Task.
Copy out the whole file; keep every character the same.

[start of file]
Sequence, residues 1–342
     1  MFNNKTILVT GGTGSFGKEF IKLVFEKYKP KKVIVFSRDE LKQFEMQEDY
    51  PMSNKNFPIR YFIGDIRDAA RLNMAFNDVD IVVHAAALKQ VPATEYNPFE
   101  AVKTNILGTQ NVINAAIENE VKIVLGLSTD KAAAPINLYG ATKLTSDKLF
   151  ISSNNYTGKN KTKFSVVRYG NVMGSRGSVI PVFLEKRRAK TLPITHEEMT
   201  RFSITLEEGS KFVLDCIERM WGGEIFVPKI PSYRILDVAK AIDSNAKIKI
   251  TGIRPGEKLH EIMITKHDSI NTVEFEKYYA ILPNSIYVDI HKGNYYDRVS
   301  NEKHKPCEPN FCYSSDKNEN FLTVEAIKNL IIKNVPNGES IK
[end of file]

Sequence, residues 1–342
     1  MFNNKTILVT GGTGSFGKEF IKLVFEKYKP KKVIVFSRDE LKQFEMQEDY
    51  PMSNKNFPIR YFIGDIRDAA RLNMAFNDVD IVVHAAALKQ VPATEYNPFE
   101  AVKTNILGTQ NVINAAIENE VKIVLGLSTD KAAAPINLYG ATKLTSDKLF
   151  ISSNNYTGKN KTKFSVVRYG NVMGSRGSVI PVFLEKRRAK TLPITHEEMT
   201  RFSITLEEGS KFVLDCIERM WGGEIFVPKI PSYRILDVAK AIDSNAKIKI
   251  TGIRPGEKLH EIMITKHDSI NTVEFEKYYA ILPNSIYVDI HKGNYYDRVS
   301  NEKHKPCEPN FCYSSDKNEN FLTVEAIKNL IIKNVPNGES IK